PowerShell Is Source of More Than a Third of Critical Security Threats

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PowerShell was the source of more than a third of critical threats detected on endpoints in the second half of 2020, according to a Cisco research study released at the RSA Conference today.

The top category of threats detected across endpoints by Cisco Secure Endpoint was dual-use tools leveraged for exploitation and post-exploitation tasks. PowerShell Empire, Cobalt Strike, PowerSploit, Metasploit and other such tools have legitimate uses, Cisco noted in the report, but they’ve become part of the attacker toolkit too. Such “living off the land” tactics can avoid detection when deploying foreign tools or code to compromise systems.

In second place was ransomware, and after the recent Colonial Pipeline hack probably needs no further comment.

The third most frequently detected critical Indicator of Compromise (IoC) group was fileless malware – also a common PowerShell threat. This type of malware does not use executable files and has no signature, making it challenging to detect. Fileless malware often manifests itself via suspicious process injections and registry activity. Common fileless malware types include Kovter, Poweliks, Divergent, and Lemon Duck.

Dual-use tools were also responsible for the fourth most common threat: Credential dumping, which is used by hackers to scrape login credentials from a compromised machine. The most commonly detected tool was Mimikatz, which Cisco Secure Endpoint caught dumping credentials from memory.

Those four categories are responsible for more than 80 percent of critical IoCs. The rest include threats like worms, remote access trojans (RATs), and banking trojans, with a mix of various downloaders, wipers, and rootkits.

“Based on Cisco’s research, PowerShell is the source of more than a third of critical threats,” noted Gedeon Hombrebueno, Endpoint Security Product Manager for Cisco Secure.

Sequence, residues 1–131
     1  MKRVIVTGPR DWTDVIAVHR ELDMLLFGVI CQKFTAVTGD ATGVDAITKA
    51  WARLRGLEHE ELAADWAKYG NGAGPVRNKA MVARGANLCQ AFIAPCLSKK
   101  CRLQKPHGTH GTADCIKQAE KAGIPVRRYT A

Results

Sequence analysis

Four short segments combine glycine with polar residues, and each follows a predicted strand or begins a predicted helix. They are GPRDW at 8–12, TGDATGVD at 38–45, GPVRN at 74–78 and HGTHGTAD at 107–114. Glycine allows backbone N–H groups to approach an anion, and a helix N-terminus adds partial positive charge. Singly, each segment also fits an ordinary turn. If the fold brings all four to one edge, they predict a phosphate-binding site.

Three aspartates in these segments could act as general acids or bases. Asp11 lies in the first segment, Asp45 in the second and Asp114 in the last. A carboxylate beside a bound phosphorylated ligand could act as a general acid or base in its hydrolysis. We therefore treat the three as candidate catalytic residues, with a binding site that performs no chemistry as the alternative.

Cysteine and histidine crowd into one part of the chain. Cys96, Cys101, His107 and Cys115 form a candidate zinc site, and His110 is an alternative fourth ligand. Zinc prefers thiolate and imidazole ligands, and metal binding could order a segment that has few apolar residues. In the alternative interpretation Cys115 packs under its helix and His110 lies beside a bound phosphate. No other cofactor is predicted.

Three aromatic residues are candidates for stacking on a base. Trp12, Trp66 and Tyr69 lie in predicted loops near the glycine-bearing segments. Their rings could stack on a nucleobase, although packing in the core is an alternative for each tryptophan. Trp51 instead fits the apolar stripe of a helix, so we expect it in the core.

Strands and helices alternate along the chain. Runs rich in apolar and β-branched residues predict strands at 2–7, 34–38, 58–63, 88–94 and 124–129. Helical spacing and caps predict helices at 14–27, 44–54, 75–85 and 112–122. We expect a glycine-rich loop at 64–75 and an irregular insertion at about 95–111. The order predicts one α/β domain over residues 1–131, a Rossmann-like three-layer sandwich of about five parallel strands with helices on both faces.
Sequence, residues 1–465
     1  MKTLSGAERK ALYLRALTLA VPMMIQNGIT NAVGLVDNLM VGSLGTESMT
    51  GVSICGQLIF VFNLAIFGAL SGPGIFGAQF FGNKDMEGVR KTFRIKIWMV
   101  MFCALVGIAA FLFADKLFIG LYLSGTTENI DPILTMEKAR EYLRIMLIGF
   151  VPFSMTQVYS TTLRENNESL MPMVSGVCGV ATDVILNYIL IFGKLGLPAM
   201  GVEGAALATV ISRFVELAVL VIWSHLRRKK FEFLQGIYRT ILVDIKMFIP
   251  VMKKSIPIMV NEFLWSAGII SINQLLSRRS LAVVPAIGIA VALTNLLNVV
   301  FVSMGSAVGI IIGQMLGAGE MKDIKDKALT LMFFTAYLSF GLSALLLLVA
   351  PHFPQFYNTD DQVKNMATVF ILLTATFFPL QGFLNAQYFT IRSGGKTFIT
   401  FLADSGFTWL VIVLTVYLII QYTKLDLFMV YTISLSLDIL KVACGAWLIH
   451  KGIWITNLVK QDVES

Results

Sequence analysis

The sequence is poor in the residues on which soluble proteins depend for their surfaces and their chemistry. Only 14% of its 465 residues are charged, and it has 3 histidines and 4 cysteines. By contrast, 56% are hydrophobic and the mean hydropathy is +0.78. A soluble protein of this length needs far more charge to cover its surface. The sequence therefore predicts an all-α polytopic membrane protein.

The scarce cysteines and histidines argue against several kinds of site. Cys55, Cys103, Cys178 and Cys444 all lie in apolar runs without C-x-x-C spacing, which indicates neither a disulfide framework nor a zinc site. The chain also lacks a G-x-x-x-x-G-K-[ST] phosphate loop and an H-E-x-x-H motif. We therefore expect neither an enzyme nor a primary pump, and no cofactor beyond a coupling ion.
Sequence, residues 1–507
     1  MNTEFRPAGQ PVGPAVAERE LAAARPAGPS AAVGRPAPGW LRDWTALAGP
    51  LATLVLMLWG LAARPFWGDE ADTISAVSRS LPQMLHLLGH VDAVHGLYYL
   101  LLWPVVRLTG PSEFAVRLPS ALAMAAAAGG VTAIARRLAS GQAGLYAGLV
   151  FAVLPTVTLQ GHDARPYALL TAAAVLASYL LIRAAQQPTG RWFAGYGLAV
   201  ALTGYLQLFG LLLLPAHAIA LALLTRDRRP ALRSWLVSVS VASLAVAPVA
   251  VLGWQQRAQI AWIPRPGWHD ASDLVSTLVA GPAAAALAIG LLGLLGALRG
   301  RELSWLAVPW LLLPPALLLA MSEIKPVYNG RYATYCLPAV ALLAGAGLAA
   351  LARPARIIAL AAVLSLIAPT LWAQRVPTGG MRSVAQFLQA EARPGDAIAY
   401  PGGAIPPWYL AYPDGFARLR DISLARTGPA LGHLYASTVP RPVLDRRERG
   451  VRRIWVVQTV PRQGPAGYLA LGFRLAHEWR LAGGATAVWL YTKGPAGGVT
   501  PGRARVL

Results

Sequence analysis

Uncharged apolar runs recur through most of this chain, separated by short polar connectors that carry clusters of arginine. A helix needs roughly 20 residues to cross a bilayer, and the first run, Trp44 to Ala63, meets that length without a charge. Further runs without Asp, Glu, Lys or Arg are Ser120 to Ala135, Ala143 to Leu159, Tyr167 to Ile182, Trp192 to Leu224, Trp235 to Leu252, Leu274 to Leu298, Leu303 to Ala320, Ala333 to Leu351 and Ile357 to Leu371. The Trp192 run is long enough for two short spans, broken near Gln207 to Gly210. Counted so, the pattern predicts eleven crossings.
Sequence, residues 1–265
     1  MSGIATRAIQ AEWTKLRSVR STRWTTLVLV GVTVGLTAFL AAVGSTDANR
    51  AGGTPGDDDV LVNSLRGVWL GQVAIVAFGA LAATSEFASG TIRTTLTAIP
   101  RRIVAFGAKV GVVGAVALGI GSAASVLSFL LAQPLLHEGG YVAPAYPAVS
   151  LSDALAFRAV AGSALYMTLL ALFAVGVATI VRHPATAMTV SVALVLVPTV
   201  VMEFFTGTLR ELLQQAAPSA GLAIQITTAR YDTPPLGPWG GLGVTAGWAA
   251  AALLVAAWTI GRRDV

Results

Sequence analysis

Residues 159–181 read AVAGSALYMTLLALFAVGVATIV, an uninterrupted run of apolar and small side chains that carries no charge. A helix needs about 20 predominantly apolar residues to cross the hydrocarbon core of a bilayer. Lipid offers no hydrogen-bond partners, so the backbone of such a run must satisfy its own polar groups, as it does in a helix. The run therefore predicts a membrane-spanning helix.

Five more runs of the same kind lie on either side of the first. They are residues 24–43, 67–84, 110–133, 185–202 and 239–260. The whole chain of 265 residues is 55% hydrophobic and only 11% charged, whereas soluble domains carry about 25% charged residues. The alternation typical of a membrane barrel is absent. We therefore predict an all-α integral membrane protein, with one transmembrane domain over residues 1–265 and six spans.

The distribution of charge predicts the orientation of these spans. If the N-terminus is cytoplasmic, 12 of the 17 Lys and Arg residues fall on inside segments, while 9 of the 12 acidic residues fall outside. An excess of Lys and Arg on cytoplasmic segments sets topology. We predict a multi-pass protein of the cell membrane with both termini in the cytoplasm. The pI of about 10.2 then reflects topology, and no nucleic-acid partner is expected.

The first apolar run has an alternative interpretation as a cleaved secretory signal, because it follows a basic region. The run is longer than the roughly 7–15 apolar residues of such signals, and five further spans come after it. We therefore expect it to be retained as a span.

PowerShell security

Protecting PowerShell from Hackers

Hombrebueno told eSecurity Planet that a “layered approach” is needed to secure PowerShell and other tools and utilities:

  • Employing multiple prevention techniques to stop memory injection attacks that can penetrate endpoints by exploiting vulnerabilities in applications and operating system processes
  • Protecting against script-based attacks to prevent certain DLLs from being loaded by some commonly exploited desktop applications and their child processes
  • Using behavioral analysis to match a stream of activity records against a set of attack activity patterns to protect against malicious use of living-off-the-land tools
  • Running complex queries and PowerShell activity monitoring on endpoints to gain deeper visibility on what happened to any endpoint
  • Applying one-click or automated response actions to remediate the problem

Hombrebueno said Cisco Secure Endpoint can help with all those practices “without the added complexity.”

Cisco Secure Endpoint is one of our top endpoint detection and response (EDR) products. EDR tools are generally effective against PowerShell attacks.

See also: MITRE Protection Tests Shed New Light on Endpoint Security

How To Secure PowerShell

The Center for Internet Security offers a number of steps admins can take to help secure PowerShell, Microsoft’s command-line interface management tool for Windows and Windows Server.

First, only network admins and other IT pros need access to the Microsoft command-line interface tool, so prevent or restrict its execution and allow execution of signed scripts only. Disable or restrict Windows Remote Management while you’re at it.

CIS includes a tutorial for for managing Script Execution in Group Policy Settings.

To Turn on Script Execution in Group Policy settings:

  • Click Start Menu > Control Panel > System and Security > Administrative Tools
  • Create or Edit Group Policy Objects > Windows PowerShell > Turn on Script Execution

To Turn on Script Execution policy settings:

  • Disabling Turn on Script Execution will mean that scripts do not run and PowerShell is disabled
  • If you enable Turn on Script Execution, you can select the execution policy Allow only signed scripts

Digital risk management vendor Digital Shadows also offers a number of PowerShell security tips, including using Constrained Language mode, and NetSPI discusses 15 ways that PowerShell execution policies can be bypassed. PowerShell Protect is a downloadable tool that integrates with the Antimalware Scan Interface to audit and block scripts before they execute.

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